David Schapira: That child did not make a decision to break any law, to violate the state's constitution or to violate what the founders intended. That kid did not do anything to violate anything. That was the reason the 14th Amendment was passed. It was the reason it was adjudicated in 1898 in this way as Senator Gould mentioned. We believe people born in this country had a right to citizenship in this country. We believe that children of slaves should have the right to citizenship and why any person born in this country should have that right.

Ted Simons: What do you say to critics who say, you're basically going after kids, you're attacking kids.

Ron Gould: Not necessarily. We're trying to remove the incentives for people to come to Arizona illegally. As it stands now, if a child is born in America they use the child as an anchor to get citizenship for themselves. They skip to the head of the line. People across the world are waiting to become an American citizen. These people are in our system and they do this, and they are gaming it and end up getting accepted before anybody else. People who have immigrated don't like this because they wait their turn in line.

Ted Simons: People say, this is targeting children born in this country. But you're going after -- I want to get a better answer -- you're going after the kids.

Ron Gould: We're not going after children, we're going after the parents and the decisions that parents make. They are under the authority of their parents. It's not going after children. It goes after the parents.

David Schapira: So let's talk about the anchor issue, let's talk about that. The bills don't even mention changing anything about the parents' status. All these bills do is create a second class of birth certificate for people born into this country, people who have committed no crime and were born here like I was born here and you were born here, to be American citizens. That's what this bill addresses. It doesn't address the problems that Senator Gould is talking about. This bill goes after babies.

Ted Simons: Respond, please.
Ron Gould: I would argue it goes after the parents and we need to address it. I have constituents who continuously ask me that, why an illegal immigrant can come across the border and the child is a citizen. They are gaming the system and we need to look at that and this is how we do it.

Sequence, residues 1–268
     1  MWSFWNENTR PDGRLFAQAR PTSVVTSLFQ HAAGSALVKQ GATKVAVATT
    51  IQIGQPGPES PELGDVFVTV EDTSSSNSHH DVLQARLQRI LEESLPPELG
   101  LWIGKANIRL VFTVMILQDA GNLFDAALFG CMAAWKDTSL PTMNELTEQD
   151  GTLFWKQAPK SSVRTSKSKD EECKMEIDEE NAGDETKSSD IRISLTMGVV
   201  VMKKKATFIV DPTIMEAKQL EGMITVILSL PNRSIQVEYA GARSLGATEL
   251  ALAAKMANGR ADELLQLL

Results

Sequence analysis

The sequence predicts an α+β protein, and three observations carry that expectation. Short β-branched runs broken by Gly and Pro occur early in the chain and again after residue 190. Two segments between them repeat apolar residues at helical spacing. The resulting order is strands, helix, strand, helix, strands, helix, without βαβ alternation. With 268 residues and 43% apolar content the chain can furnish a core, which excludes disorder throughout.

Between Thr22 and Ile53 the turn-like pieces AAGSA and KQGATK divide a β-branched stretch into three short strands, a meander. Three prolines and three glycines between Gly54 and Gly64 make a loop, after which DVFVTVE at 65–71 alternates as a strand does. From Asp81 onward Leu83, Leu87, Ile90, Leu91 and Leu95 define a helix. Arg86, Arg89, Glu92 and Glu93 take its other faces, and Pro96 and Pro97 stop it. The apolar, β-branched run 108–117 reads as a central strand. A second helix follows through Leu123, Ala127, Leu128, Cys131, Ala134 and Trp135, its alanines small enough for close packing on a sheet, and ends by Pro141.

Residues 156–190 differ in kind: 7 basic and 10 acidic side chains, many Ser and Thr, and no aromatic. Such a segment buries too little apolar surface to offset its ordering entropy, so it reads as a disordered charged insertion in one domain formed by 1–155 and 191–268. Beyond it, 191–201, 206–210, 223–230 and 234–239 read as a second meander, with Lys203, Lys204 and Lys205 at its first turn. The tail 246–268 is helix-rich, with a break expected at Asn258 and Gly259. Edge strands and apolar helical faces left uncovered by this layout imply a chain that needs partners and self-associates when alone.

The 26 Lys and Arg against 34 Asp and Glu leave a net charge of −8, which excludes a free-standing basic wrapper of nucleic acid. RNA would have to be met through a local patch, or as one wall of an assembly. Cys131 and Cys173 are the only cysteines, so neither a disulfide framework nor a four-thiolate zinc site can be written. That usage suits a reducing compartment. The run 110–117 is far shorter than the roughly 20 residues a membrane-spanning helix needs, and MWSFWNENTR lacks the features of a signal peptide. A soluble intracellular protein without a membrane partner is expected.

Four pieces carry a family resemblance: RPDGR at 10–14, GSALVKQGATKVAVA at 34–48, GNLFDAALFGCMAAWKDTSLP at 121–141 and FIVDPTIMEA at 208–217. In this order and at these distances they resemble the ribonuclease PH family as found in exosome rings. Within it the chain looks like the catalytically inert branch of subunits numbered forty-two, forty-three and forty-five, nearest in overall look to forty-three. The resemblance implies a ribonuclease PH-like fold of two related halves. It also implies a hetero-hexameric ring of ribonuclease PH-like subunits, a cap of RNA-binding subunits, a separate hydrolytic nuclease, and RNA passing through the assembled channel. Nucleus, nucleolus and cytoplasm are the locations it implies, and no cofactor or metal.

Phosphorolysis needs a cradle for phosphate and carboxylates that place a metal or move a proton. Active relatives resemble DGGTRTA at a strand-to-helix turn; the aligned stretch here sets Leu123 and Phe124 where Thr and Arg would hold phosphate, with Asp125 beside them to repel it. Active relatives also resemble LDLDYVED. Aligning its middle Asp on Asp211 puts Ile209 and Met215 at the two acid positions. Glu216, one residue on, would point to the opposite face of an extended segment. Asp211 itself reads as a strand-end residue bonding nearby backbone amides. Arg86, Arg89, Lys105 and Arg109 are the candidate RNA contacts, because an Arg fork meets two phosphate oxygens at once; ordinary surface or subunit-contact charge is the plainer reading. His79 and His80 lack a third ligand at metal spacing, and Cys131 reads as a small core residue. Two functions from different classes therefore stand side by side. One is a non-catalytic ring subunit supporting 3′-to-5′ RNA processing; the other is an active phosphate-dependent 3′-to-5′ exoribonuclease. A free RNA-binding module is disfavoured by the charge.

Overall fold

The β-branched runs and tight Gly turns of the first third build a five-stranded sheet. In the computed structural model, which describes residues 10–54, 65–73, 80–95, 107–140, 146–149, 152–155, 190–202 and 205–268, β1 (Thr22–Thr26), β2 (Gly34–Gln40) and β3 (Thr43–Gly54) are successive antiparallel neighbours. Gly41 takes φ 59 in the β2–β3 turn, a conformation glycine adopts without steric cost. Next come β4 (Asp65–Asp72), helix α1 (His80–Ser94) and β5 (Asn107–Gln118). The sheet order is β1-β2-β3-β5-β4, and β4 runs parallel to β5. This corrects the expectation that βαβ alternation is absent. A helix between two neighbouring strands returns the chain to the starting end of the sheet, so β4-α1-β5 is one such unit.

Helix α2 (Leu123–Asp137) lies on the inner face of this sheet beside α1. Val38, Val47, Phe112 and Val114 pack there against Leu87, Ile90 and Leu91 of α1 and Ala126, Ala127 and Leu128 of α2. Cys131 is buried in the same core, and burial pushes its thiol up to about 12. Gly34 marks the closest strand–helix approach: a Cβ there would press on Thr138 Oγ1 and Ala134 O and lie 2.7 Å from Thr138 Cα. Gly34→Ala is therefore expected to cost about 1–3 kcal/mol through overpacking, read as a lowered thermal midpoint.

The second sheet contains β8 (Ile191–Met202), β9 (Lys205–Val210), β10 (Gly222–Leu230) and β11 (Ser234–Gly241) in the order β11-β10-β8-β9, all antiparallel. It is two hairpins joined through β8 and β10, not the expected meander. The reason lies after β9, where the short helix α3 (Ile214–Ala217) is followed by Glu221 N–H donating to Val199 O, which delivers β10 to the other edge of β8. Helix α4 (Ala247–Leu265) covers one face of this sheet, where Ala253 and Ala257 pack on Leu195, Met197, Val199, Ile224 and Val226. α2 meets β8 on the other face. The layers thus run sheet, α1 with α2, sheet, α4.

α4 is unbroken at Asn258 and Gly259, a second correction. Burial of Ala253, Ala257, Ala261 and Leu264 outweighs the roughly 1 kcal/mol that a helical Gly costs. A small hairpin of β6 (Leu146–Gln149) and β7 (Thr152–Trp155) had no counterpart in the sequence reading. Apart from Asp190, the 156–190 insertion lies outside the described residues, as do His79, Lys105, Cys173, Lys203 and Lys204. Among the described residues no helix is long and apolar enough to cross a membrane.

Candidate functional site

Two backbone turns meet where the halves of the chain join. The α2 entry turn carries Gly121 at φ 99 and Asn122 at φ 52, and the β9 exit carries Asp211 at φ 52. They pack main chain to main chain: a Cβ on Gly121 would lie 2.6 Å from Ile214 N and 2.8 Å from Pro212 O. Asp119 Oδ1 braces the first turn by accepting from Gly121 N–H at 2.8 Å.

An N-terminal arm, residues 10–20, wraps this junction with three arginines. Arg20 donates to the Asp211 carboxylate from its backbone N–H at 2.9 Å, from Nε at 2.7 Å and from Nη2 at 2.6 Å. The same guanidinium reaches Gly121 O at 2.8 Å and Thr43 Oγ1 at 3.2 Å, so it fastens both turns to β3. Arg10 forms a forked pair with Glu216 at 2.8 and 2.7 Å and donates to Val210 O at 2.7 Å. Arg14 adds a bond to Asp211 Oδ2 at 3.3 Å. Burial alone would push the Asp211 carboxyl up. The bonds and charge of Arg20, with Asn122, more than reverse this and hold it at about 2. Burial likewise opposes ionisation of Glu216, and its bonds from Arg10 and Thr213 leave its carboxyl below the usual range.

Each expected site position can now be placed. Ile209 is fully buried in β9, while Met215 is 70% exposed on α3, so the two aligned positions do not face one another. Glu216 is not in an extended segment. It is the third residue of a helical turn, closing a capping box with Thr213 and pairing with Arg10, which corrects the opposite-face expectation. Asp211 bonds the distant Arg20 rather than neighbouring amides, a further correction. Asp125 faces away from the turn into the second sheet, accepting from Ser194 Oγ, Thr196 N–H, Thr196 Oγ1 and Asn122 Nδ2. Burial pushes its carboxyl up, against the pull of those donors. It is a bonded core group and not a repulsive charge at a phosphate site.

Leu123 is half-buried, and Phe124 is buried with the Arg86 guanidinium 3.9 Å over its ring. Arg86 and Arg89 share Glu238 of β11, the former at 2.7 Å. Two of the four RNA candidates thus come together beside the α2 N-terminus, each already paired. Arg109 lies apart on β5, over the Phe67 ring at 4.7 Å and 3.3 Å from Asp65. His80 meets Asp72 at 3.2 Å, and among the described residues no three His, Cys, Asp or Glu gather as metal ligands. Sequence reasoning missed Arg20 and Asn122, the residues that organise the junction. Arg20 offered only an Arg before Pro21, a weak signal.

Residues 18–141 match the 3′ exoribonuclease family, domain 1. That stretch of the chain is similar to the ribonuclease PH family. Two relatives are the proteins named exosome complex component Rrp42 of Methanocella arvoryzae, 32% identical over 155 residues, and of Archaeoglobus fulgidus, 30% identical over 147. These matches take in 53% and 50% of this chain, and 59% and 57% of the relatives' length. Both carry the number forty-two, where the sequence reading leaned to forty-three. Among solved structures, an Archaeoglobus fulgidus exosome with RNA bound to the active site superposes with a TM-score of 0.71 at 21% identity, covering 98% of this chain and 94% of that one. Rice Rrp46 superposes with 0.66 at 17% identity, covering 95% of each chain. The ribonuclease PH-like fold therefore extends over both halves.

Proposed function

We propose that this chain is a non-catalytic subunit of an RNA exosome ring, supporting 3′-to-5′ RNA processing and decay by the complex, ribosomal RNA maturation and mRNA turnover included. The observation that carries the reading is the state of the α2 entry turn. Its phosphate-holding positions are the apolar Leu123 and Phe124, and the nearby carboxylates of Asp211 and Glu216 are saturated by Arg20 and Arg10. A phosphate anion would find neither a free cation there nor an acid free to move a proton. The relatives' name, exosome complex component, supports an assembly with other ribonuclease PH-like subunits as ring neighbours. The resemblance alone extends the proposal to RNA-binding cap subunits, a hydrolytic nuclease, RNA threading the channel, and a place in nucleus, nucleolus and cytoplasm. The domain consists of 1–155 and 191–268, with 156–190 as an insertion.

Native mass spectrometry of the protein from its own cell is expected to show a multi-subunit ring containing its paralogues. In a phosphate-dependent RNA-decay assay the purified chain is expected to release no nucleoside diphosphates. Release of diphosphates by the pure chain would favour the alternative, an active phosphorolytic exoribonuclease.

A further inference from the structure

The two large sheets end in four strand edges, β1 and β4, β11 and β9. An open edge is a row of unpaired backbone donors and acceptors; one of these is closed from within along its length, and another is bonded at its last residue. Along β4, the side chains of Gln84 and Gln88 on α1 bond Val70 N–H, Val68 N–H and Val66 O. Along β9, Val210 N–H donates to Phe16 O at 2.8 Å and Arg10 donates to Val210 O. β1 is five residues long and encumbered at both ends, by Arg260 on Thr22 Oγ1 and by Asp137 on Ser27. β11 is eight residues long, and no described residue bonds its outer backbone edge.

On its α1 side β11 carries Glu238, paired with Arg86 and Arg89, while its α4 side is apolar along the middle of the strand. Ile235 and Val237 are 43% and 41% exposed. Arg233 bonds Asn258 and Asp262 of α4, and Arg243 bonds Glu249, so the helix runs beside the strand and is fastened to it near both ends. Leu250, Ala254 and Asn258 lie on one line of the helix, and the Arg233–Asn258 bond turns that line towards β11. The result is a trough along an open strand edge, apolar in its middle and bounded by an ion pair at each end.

David Schapira: My great-grandparents came to this country from Germany in the early part of the last century. They were escaping a different kind of oppression. At that time they were facing anti-Semitism. They came to this country seeking a better life. You know what? They did it illegally. They forged documentation to get out of an anti-Semitic Europe. If they hadn't done that, and the 14th Amendment had not existed, my great-grandparents would not have been citizens. We have to think of future generations and people who might come here for similar reasons. Their children, for whatever decision their parents made, their children deserve citizenship in this country if they are born here.

Ron Gould: Currently if you are under persecution in another country you are allowed special status in the United States, and I would argue the Senators Schapira's grandparents or great grand parents would have been able to obtain that in the United States at the time if it was currently happening.
Ted Simons: Last question before we let you go to a previous point. A lot of folks are saying this is, with all the problems Arizona has right now, this is a waste of time, it should not be at the top of the list or even being considered. How do you respond?
Ron Gould: Two days ago I spent four hours in a committee discussing how much a homeowner's association can charge to copy documents. How much they can charge for xerox fees. If we can discuss that, we can certainly discuss this.

Ted Simons: Thanks for joining us.

David Schapira: Thanks for having us, Ted.

Ron Gould:state senator;David Schapira:state senator;